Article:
This rubbish about the government encouraging females to have sex is not only preposterous but hypocritical. Where was the hue and cry about the government encouraging men to have sex when Medicare subsidized Viagra?! I have a feeling that the religious fanatics' opposition to birth control is not as much out of fear of increased fornication as it is out of the desire to continue the unjust subjugation of women. This opposition to birth control originates from the ridiculous double standards which should have been obsolete decades ago. The double standards said that women had to walk the (very)straight and narrow while men could commit a wide range of boorish acts, such as smoking, alcohol consumption,and fighting.

Hypocrisy is not the only problem with this opposition to birth control. Abstinence-only education, which many leaders of the religious right advocate in place of birth control, is a very impractical way to reduce unwanted pregnancies in America. According to a June 2003 Reuters report, a study at Northern Kentucky University found that more than three-fifths of people who took abstinence pledges wound up breaking them and fornicating anyway (I have the brilliant Al Franken, author of Lies and the Lying Liars Who Tell Them, to thank this very useful information). In comparison to birth control (which, as said in the article, reduced odds of pregnancy by a factor of seven), abstinence-only education is a downright pathetic way to reduce unwanted preganancies. Saying abstinence-only education is better than contraception is like saying the horse-and-buggy is a more effective form of transportation than the automobile.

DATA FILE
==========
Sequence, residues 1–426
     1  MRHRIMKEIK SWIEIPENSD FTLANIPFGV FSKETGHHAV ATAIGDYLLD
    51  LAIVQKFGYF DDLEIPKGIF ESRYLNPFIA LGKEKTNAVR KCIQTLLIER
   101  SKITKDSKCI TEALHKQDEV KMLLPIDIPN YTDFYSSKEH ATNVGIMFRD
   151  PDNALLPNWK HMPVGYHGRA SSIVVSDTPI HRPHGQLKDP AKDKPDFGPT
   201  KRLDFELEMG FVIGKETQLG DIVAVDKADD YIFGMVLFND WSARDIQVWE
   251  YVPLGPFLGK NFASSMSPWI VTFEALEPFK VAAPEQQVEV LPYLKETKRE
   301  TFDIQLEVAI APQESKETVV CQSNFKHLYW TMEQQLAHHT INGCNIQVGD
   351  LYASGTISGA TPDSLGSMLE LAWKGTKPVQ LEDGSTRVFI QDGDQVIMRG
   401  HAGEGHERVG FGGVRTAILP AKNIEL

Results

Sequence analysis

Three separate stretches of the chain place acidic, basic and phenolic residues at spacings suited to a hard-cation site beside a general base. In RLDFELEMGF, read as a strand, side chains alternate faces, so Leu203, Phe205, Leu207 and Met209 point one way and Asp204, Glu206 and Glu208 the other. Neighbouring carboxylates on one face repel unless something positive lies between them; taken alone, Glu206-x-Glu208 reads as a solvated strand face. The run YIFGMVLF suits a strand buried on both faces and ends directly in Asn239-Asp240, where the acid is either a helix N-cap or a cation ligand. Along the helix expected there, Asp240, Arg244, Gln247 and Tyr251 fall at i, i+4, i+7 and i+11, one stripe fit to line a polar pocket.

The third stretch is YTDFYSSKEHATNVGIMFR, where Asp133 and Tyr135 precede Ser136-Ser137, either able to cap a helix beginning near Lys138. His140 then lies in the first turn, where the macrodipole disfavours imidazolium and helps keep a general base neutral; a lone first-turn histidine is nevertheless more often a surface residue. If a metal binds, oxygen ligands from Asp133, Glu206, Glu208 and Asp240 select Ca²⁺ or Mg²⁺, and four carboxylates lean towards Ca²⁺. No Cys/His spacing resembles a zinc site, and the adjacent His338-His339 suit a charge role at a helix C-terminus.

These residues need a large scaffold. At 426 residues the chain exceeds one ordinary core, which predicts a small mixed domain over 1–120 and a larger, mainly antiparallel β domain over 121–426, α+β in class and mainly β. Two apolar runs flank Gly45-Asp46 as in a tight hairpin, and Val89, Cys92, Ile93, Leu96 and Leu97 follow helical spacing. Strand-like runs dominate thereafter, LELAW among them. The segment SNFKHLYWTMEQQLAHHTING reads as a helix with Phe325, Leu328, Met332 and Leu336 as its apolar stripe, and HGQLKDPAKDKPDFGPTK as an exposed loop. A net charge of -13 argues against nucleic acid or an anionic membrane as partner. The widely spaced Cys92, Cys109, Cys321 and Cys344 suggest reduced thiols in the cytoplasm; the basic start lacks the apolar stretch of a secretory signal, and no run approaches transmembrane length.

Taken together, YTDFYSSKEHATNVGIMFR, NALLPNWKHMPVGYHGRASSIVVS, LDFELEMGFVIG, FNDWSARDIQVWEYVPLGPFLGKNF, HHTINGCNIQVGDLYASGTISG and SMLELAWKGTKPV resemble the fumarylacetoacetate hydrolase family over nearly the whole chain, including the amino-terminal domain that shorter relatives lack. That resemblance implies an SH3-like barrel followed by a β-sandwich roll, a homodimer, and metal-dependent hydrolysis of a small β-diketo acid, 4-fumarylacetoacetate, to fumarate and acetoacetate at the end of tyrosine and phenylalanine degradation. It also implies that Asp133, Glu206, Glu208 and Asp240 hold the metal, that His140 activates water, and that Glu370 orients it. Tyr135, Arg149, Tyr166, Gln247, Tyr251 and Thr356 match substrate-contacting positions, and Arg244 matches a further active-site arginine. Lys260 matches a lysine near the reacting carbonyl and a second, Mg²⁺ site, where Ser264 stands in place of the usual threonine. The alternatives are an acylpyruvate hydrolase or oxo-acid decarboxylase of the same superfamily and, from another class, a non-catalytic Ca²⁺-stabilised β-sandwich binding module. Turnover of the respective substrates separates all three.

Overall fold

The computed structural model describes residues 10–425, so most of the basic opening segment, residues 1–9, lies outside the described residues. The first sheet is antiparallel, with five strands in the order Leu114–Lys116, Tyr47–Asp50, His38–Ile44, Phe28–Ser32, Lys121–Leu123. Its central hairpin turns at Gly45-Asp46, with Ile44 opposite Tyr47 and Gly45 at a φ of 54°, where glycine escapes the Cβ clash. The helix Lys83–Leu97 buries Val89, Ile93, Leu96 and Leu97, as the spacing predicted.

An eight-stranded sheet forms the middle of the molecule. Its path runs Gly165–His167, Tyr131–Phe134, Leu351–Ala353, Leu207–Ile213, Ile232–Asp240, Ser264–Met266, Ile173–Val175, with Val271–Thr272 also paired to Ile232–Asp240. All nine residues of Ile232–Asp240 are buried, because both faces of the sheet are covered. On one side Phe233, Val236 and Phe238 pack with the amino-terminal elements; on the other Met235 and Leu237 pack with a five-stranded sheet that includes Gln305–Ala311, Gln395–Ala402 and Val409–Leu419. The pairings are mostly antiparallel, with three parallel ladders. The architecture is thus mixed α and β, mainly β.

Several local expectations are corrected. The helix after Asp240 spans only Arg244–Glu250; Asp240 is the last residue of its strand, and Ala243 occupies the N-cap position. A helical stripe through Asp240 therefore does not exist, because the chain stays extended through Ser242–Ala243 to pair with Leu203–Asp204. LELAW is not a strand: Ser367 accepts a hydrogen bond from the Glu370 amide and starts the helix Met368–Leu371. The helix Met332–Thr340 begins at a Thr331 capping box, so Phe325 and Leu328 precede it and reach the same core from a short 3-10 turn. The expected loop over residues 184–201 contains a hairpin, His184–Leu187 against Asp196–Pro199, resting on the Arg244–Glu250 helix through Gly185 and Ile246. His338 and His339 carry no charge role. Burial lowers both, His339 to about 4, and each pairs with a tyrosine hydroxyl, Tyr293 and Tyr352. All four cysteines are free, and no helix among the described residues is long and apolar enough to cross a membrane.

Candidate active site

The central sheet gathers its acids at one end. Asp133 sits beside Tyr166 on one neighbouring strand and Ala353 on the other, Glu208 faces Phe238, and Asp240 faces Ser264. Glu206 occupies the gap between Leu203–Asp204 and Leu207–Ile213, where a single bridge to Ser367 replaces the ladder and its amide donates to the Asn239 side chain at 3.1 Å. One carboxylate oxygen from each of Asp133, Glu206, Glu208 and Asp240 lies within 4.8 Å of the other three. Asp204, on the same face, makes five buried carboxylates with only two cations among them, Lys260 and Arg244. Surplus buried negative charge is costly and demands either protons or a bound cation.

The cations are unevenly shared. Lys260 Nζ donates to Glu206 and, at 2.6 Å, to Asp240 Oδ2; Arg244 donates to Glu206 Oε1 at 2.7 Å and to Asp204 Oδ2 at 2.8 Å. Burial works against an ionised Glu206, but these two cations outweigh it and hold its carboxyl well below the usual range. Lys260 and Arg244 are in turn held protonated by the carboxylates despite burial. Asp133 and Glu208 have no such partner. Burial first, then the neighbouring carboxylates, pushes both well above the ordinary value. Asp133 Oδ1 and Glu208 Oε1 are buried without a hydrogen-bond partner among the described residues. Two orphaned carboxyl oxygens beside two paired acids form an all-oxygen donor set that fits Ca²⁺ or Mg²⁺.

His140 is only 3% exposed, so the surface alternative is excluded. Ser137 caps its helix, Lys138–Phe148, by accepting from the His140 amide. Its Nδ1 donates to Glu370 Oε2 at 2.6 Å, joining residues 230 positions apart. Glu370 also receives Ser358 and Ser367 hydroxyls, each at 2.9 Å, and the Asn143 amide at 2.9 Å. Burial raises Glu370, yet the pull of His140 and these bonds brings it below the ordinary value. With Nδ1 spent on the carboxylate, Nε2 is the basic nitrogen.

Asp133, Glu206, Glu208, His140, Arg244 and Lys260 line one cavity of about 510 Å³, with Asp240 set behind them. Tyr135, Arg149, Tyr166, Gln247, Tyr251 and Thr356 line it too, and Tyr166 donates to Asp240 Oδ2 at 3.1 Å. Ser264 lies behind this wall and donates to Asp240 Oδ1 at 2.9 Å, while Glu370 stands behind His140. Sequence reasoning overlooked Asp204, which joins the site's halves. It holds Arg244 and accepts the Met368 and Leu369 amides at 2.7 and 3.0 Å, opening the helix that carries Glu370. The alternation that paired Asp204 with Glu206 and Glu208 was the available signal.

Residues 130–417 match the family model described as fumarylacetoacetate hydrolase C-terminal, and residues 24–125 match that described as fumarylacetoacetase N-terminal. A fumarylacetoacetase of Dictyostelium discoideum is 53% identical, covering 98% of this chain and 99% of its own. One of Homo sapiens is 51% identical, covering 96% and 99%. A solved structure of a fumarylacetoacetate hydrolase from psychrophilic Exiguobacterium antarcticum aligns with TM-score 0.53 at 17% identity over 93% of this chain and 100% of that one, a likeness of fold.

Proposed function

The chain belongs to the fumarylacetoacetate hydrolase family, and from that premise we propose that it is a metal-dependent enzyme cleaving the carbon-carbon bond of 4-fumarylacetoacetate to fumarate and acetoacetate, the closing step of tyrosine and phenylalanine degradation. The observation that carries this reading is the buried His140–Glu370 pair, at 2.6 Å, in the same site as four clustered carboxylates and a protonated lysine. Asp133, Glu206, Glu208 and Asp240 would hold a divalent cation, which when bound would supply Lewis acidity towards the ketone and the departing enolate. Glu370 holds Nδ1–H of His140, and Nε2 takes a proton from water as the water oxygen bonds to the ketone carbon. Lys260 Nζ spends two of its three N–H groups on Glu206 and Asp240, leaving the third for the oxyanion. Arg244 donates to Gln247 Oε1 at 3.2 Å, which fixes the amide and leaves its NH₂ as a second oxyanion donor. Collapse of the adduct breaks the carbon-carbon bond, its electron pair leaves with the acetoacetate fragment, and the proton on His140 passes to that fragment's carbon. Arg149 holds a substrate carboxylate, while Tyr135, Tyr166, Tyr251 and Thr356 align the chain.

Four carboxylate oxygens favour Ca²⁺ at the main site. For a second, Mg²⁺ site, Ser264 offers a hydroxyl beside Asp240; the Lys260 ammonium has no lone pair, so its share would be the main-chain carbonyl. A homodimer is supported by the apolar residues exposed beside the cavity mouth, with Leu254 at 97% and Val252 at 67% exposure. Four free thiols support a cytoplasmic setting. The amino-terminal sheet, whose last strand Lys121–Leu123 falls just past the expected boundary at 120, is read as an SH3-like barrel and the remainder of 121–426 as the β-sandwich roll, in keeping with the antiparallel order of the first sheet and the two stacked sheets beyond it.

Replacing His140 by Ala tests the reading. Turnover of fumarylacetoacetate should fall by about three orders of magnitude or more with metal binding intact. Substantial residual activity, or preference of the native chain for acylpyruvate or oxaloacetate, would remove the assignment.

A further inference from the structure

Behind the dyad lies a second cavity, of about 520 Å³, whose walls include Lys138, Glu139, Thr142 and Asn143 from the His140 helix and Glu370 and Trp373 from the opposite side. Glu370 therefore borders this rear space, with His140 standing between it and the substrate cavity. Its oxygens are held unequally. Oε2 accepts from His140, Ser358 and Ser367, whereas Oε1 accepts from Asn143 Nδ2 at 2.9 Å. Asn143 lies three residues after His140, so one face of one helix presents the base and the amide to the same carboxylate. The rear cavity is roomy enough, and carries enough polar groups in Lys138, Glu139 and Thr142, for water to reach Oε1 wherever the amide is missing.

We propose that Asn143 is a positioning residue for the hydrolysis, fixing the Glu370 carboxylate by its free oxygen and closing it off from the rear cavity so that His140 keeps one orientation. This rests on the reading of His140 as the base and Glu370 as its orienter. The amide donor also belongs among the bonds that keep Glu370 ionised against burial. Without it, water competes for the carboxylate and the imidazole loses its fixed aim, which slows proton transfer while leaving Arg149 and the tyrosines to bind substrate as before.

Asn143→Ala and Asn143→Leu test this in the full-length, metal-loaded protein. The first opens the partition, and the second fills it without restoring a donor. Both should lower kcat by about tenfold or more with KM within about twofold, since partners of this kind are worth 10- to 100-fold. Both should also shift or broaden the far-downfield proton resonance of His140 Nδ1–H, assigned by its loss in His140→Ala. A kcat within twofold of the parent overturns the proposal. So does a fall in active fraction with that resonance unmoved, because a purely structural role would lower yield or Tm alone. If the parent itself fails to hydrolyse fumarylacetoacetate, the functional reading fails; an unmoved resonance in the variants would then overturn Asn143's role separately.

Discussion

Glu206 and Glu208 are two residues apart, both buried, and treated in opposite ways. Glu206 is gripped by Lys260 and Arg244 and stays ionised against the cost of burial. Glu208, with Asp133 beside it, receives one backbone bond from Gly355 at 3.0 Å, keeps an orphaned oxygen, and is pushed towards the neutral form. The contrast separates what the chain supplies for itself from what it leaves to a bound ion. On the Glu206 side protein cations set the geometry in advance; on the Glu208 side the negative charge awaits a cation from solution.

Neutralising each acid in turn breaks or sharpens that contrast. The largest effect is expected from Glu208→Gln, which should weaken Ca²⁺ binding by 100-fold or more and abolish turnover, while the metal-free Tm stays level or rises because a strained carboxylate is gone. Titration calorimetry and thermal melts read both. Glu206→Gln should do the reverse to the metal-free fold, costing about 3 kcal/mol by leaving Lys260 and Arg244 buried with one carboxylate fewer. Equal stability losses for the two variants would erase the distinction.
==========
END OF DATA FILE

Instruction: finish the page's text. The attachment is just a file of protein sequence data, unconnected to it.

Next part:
viper10 said...

All I can say to this is, bravo! It's about time someone started to do something regarding this issue. When abortion first became a topic all people did was argue with each other whether or not it was moral. Now we actually have committies in congress trying to come up with ways to prevent having to make the choice. It is true however that more choices for contraception will increase the amount of sex people have, but it will also do it's job to prevent pregnancies. Of course these fail once in a while, but they work nine times out of ten. When it comes to teens having sex and getting pregnant, studies have shown that schools teaching abstenance in sex-ed classes have a greater success rate than schools that teach just contraceptive use. Overall I think that if the studies set forth in this article are followed, than there will be less abortions.

rodeo8 said...

I a hundred percent agree, it is time that someone do something about this. At least now there is away to prevent abortion, therefore it will not be such a moral debate at this point.